Putting wine into a can is still a pretty new trend. Francois Haasbroek, the Riverine winemaker, sees it much in the same way other canned wine pioneers see it; canned wines just make sense. They’re portable, they’re easy to open, they’re easy to drink from. Plus, they’re immensely better for the environment (ever considered the carbon footprint of glass bottles?) But putting wine in a can does not mean that the wine is inherently poor quality – far from it. For Riverine, the wine remains the priority. They achieve this by sourcing excellent fruit from excellent vineyards, and lots and lots of time spent doing R&D on canned wine shelf-life stability. And since a portion of sales goes to protecting the Riverine Rabbit, what more could you want from your canned wine? Riverine’s Rosé is a must-have for barbecues, parties, or pretty much any occasion where you’d sip a light beer. It is made entirely from Grenache grown in the Swartland on bush vines resting on soils of decomposed granite, shale, and koffieklip (an iron-rich sedimentary rock). The vines are dry-farmed, and vineyard practices are certified biodynamic.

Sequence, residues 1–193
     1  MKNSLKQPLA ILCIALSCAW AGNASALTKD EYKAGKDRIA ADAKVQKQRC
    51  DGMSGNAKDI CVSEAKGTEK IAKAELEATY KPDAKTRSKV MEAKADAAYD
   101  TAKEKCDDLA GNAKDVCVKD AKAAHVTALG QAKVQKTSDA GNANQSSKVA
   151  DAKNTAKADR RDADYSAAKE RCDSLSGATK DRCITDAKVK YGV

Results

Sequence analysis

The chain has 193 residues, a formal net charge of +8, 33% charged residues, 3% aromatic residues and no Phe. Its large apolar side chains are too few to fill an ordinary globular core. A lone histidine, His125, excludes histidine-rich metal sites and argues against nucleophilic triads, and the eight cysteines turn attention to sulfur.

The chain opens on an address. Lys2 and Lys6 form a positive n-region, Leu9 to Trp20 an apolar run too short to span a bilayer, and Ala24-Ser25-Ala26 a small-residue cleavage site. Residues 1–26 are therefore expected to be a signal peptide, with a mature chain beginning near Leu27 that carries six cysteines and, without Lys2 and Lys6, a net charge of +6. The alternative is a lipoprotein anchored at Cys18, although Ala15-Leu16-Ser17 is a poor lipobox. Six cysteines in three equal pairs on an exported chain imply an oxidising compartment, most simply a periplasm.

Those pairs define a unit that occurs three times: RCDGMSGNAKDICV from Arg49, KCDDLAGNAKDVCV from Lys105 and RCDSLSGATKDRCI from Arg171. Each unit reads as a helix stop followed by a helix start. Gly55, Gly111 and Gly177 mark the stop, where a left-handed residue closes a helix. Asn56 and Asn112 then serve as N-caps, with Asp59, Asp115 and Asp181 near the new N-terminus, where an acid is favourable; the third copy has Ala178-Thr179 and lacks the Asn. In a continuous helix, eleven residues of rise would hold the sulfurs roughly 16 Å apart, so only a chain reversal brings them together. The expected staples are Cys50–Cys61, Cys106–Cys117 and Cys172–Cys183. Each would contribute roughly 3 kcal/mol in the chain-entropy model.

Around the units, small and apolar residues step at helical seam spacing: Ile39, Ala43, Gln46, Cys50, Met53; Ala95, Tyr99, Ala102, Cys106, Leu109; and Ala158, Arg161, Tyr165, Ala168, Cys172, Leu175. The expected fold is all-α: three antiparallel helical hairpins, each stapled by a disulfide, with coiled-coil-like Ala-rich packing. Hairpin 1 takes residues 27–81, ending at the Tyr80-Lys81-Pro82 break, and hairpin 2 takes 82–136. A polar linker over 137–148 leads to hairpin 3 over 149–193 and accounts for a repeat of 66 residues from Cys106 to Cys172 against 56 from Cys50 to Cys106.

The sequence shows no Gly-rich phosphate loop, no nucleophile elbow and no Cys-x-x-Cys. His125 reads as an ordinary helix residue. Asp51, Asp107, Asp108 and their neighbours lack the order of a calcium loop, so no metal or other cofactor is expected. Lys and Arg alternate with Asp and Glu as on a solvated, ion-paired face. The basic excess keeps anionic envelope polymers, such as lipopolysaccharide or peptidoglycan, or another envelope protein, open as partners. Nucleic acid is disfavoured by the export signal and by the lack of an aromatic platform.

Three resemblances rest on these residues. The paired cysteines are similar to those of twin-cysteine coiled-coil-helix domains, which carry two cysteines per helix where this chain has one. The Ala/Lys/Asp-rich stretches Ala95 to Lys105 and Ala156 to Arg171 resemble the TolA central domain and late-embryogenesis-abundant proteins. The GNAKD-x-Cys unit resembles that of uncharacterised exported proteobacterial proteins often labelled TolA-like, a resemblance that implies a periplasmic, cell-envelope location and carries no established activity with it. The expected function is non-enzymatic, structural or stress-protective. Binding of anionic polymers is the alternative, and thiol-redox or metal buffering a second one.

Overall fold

The grapes were hand-harvested and whole-bunch pressed to stainless-steel and inoculated with a select yeast. The wine fermented on the gross lees for roughly three weeks and then the wine spent another week on the gross lees prior to being racked to tank with a small sulfur addition. It finished aging another six months in tank on the fine lees prior to being canned without fining and with a very coarse filtration and small sulfur addition.